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McCririck and the knacker’s yard

Does the racing pundit's failed age discrimination underline a universal truth?

John McCririck, the former Channel Four racing pundit – and now losing employment tribunal ‘age discrimination’ litigant – is an acquired taste for most of us.  A deliberate eccentric in fashion sense, attitude and the social niceties, over the past three decades he had carved a middling media career, based upon his knowledge of the only thing in life that seem to get him up in the mornings – the sport of horse racing.

In recent times – step forward the likes of Miriam O’Reilly (former presenter on the BBC’s Countryfile) and former newscaster Selina Scott – there has been a sizeable campaign running complaining about the media’s age discrimination against on-screen females beyond a certain age. The kernel of it is anger at the myth/notion that television – or rather, the preference of its employers and viewers – requires young female flesh and that, when age begins to take its toll, even the most competent female presenters are side-lined or elbowed out in favour of younger and less-qualified counterparts.

The anachronism readily identified is that this does not happen to men. Somehow for them, the development of ‘salt & pepper’ hair and the odd bag or wrinkle seems not only to increase their apparent gravitas but prolong their career by fifteen to twenty years. The syndrome of programmes being fronted by a ‘middle-aged-uncle’ imaged male and a variation on the ‘young-auto-cutie Barbie doll’ female is so prevalent in the UK that it defies cliché and parody.

In McCririck’s case, so far so good. Nobody would ever suggest that he was given his first gig as a racing pundit because of his looks.

As to the issue of competence, there are potential fair grounds for complaint in all ‘on-screen’ age discrimination actions. Surely a presenter who has ten, or twenty, years of experience at their trade is going to be competent – they would not have got the job, or retained it that long, if they were not. Age and experience breed confidence and professionalism.

Scott and O’Reilly would argue, with a degree of logic, that women of forty-plus (with twenty years’ experience behind them) must be as, or more, competent that a twenty-year-old girl taking her first steps in front of the camera. But therein lies the key – and the flaw – to their argument.

The media world – of television, advertising and acting – is a jungle in which subjectivity is king. Like it or loathe it, there is no two ways about it. For good or ill, every day of the week, someone somewhere in power is making a career-changing decision for someone else – possibly on a whim, possibly after a long liquid lunch, possibly regretfully in the cold light of day. The decision in question could pluck them from obscurity and make then an overnight star, but it could equally consign them to history. It could gift a thirty-year high-profile and lucrative career and – just as easily – it could hand out a one-way ticket to Palookaville.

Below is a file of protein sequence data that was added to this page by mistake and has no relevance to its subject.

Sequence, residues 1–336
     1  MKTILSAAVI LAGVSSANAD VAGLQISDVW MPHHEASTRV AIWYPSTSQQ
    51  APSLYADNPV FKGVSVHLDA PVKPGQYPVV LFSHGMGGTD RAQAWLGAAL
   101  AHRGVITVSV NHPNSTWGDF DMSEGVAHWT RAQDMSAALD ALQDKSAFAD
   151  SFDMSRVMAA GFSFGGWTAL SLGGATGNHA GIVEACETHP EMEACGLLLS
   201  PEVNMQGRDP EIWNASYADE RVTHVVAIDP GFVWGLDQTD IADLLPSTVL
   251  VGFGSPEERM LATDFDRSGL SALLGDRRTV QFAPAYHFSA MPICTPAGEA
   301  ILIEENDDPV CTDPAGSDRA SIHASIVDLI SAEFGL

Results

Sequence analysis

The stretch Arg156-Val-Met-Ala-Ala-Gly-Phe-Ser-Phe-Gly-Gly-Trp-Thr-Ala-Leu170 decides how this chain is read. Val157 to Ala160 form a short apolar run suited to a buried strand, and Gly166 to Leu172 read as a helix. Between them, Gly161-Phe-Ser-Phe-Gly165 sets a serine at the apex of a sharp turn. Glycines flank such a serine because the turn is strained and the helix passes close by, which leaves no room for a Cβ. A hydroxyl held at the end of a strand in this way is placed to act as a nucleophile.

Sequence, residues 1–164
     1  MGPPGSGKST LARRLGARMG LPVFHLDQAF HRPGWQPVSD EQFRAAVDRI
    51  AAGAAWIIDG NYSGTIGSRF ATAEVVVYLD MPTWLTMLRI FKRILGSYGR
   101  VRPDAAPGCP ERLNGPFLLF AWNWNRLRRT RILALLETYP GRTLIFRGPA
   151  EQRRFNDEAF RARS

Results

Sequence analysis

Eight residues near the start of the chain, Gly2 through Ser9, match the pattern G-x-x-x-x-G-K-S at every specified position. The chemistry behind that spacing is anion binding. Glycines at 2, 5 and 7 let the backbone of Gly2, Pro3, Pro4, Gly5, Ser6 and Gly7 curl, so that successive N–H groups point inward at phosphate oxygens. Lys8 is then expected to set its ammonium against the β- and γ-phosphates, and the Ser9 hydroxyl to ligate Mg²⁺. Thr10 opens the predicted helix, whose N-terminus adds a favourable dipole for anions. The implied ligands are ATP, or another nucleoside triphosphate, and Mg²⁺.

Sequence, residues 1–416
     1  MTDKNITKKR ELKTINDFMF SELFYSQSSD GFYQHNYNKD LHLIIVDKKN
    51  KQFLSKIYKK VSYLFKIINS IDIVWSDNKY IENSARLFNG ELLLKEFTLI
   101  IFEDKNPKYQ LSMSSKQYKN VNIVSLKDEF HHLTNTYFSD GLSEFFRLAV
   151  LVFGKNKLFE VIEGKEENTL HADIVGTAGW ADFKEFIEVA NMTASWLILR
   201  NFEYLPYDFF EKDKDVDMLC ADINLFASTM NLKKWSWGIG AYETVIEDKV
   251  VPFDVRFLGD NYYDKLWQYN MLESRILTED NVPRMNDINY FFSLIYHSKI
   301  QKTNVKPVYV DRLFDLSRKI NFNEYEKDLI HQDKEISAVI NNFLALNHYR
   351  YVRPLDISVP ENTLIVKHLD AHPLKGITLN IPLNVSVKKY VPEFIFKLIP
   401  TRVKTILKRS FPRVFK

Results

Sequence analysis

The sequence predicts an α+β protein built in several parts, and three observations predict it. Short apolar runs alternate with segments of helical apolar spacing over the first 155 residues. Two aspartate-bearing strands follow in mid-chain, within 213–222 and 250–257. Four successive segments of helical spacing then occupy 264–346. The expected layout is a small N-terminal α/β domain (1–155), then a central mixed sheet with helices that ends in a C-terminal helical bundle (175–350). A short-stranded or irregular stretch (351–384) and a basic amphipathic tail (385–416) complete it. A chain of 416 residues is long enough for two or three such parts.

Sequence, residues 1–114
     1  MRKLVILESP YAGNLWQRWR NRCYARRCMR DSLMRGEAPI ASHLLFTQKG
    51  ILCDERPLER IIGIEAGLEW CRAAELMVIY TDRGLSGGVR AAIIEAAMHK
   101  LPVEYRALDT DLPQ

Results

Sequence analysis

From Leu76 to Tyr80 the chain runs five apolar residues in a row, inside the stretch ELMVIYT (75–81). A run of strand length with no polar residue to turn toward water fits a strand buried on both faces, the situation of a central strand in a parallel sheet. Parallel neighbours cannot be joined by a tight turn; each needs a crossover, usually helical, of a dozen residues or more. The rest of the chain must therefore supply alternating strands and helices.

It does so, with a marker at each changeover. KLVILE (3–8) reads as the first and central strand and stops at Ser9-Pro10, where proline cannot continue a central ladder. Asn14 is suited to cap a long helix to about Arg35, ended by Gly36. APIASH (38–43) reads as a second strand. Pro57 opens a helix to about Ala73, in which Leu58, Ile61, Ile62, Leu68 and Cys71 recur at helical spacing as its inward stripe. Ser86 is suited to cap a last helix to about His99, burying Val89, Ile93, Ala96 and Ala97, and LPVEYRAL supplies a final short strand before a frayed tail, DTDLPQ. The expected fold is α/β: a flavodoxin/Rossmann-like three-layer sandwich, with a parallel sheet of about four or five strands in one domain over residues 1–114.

That’s the media business and that’s life.

Of course, if competence was the only yardstick, perhaps technically Selina Scott and/or Miriam O’Reilly could, if they so wished, have soldiered on without criticism until they were sixty, or seventy … or until senility at last robbed them of their ability to do their job properly.

This was the same argument that McCririck was deploying – “I’m still bloody good at my job, therefore you have no right to sack me”.

But hold on a minute. It isn’t up to a presenter to decide whether or they’re competent to continue, or whether they’re the right person for a particular job, or indeed whether they’re still the right person to continue filling a specific role.

If that was the case, our screens would remain chockful with the likes of Frank Bough, Michael Aspel, Bruce Forsyth, Anna Ford (to name but four) and innumerable comedians still peddling their 1970s shows thirty years on … all of them, naturally, having decided that they were too competent to be sacked.

Times change. So do fashions, styles of programming, musical tastes and the infrastructure of the businesses in which they are presented to the public.

X-factorOne year The X-Factor is omni-present in the nation’s consciousness and top of the ratings – then, six or seven years later, it is sliding down the charts and on the way out. Most probably because the viewing audience has become fed up with the same old faces on the judging panel, trotting out the same old drivel. Nothing remains forever. Things evolve. Stuff happens. Get over it …

The bottom line, of course, is that the media thrives on youth, verve and good looks.

It’s probably the reason that ladies like Mirian O’Reilly, Selina Scott, Anneka Rice [ad nauseam] got their breaks in the first place. But they cannot then pull up the ladder behind them and demand a highly-lucrative forty-year career in the spotlight as a matter of right.

Sometimes, for factors that nobody can identify, the camera or audience takes to one person … and falls out of love with another. The media is brutal. You’re only as good as last week’s ratings. This is nothing to do with age discrimination, nor is it to do with looks per se (it couldn’t be – how else would McCririck have ever got a job?).

People who get to whatever-is-regarded-as-the-top in the media should just count their lucky stars and be grateful. It’s a heady existence while it lasts. The problem these older presenters complain of isn’t to do with discrimination at all – it’s to do with the human trait that we all get used to the standards of life that we acquire, whether through hard work and talent or sheer good fortune … and, when the time comes (as it always does), we find it hard to give them up.

 

About Elaine Smith

A single mother of a teenager, Elaine will be filing reports from the family battlefront. More Posts